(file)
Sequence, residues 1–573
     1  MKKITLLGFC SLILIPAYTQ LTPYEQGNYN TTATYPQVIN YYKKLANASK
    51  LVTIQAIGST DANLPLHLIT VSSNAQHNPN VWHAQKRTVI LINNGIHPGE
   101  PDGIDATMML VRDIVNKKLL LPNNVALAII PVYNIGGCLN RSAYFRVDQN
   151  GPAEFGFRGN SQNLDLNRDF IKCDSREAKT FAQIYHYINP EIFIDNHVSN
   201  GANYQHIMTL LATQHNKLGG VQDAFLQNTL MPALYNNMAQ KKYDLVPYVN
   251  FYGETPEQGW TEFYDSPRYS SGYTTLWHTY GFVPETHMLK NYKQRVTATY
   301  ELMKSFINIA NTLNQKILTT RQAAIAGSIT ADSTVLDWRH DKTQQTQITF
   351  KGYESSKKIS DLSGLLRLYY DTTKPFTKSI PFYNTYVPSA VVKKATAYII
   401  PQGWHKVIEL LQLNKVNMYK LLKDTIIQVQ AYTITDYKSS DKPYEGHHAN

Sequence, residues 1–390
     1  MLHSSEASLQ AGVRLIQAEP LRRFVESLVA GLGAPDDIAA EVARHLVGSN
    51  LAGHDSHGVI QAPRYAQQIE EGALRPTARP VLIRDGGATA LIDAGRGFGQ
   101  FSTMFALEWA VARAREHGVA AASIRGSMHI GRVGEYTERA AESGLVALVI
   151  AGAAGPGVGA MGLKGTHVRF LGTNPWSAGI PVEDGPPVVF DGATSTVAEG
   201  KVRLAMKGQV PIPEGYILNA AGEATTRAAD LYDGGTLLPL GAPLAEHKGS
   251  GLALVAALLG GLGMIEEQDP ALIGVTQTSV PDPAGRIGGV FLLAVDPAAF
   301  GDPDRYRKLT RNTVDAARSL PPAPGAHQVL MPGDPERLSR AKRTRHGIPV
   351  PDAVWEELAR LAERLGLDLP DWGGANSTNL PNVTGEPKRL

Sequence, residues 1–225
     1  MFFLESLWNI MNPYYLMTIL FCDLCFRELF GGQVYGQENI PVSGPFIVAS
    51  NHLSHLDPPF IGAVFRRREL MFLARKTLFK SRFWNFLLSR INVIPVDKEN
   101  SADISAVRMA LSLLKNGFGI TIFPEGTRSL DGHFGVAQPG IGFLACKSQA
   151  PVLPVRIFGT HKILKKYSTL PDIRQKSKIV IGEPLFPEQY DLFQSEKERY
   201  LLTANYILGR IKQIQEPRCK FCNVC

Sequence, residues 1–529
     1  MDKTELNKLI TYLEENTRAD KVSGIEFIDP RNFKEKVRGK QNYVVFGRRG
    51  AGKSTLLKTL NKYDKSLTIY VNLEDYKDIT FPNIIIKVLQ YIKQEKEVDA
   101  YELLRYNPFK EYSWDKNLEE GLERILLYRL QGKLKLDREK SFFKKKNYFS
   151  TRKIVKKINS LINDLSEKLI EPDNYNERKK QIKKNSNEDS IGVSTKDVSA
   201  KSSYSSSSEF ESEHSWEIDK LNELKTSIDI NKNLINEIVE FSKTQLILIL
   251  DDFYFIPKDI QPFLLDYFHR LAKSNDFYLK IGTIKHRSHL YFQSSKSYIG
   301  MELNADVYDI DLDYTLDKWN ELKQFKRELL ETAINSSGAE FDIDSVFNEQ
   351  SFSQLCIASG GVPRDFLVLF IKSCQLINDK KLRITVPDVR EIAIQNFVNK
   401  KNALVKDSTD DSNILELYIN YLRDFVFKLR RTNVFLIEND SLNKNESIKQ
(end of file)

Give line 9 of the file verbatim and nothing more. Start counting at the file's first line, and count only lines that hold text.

   351  KGYESSKKIS DLSGLLRLYY DTTKPFTKSI PFYNTYVPSA VVKKATAYII